Pop quiz time. Which of the five boroughs of New York has the most residents? Which claims that one out of every six Americans can trace an ancestor back to it? And which borough would be the 4th largest city in the country if it were an independent city? The answer is Brooklyn. At a population of 2.5 million, it is twice as big as Dallas. Yet, few visitors venture past the East River to this community rich in architecture, ethnic cultures and history. We had an opportunity to explore it during a Thanksgiving visit to our son’s new residence.
Life long Brooklyn resident, “Big Rick” Kadlub, guided us the first day on a walking tour. He has watched real estate prices soar in recent years by those looking for a better bargain than in neighboring Manhattan. Thanks to a four story zoning limit, much of Brooklyn feels like a neighborhood and is being rediscovered. The Park Slope area is an example. In the 1950’s it was an enclave for Italians and Irish, filled with Latinos and African Americans in the 60’s. was joined by artists in the 70’s and discovered by young professionals in the 90’s. New families now fill the beautiful brownstones and frequent the many restaurants. Big Rick shook his head in wonder as hundreds of residents stream out of nearby subway stops in late afternoon – a stark contrast to the trickle of commuters in the past.
While most Americans know of Central Park, few are aware of Brooklyn’s Prospect Park, designed by the same Frederick Olmstead. In fact, many consider Prospect Park superior to its Manhattan cousin and I have to agree. Six hundred acres of forest provides strolling paths, the largest park meadow in the country, Brooklyn’s only lake, a zoo, birding opportunities, and an outdoor ice rink. Next door are the Botanical Gardens, Art Deco public library filled with books in 70 languages, and the Brooklyn Art Museum, a near replica of the Metropolitan Museum of Art, that houses the first feminist gallery and its famous Dinner Party installation by Judy Chicago.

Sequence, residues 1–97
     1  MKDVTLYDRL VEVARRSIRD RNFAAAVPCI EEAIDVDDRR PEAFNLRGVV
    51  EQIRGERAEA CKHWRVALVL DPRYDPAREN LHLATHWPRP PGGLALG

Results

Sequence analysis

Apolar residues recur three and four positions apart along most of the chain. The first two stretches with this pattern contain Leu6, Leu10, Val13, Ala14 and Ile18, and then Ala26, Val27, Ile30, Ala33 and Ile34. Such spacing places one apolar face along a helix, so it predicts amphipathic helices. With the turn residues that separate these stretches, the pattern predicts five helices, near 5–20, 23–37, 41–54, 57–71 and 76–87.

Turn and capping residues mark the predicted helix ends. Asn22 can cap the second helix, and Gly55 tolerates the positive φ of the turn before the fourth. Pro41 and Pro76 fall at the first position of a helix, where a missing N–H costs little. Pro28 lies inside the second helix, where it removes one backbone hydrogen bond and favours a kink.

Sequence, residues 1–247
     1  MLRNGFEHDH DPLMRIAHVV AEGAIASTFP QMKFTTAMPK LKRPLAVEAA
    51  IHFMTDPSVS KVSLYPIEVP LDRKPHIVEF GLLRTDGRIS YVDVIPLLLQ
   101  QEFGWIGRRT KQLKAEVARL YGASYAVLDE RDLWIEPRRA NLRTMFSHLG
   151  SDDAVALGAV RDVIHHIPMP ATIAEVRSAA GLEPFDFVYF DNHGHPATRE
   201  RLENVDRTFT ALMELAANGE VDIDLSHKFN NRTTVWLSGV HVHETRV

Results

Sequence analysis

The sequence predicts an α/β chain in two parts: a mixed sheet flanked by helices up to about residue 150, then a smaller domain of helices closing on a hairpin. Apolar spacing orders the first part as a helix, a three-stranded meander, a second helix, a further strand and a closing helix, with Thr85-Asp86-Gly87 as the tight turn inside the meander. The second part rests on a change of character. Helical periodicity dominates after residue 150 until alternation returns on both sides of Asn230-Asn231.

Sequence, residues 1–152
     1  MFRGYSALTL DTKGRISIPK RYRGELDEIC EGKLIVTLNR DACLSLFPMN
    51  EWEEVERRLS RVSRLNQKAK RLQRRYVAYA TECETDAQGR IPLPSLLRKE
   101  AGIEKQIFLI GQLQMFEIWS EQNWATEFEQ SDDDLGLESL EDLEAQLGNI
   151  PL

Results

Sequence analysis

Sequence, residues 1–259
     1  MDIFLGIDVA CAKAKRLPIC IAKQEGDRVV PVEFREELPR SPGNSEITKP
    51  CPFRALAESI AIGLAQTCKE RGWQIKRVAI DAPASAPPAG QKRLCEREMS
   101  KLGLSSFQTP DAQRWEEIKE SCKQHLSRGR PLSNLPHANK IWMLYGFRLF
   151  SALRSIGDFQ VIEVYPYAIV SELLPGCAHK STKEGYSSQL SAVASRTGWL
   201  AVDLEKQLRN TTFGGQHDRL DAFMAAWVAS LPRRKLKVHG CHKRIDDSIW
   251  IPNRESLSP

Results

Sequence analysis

On our second day, a 20 minute subway ride took us to the grandfather of all amusement parks, Coney Island. The subway exit opens directly across from “Nathan’s World Famous Frankfurters since 1916″, a required stop even though it was only 10 a.m. We joined Al Capone, Cary Grant, Jacqueline Kennedy, Winston Churchill and the King and Queen of England as samplers of these surprisingly good hot dogs. Across the street was the equally famous amusement park, sadly closed for the season.
The boardwalk along the Atlantic was even better than I had hoped for. We merged with a leisurely crowd of mostly elderly pensioners strolling down the well-maintained wooden walk. The clean beach was almost empty but could clearly hold the masses in the summer. As we approached Brighton Beach, a Russian immigrant stopped to chat and tell us how much he loved America. Originally built as an exclusive resort for the wealthy in 1909, Brighton Beach has most recently become the largest Russian community in New York. Russian restaurants lined the beach and along Brighton Beach Avenue. Bilingual signs advertised child care and dental offices. And a liquor store with a lit neon hammer and sickle boasted of many kinds of vodka. We enjoyed a lunch of traditional Russian fare such as pelmenis and varkenikis.
On the last morning, we walked with our one year old grandson across the 128 year old Brooklyn Bridge and introduced him to the Manhattan skyline. Through the weblike cables, the Statue of Liberty beckoned. And on the return walk, Brooklyn spread across the horizon. Now no longer just one of the boroughs, Brooklyn had proved itself a worthy travel destination with much more to be discovered. I look forward to it.
Tour Guide, Richard Kadlub – A Tour Grows in Brooklyn, 212-209-3370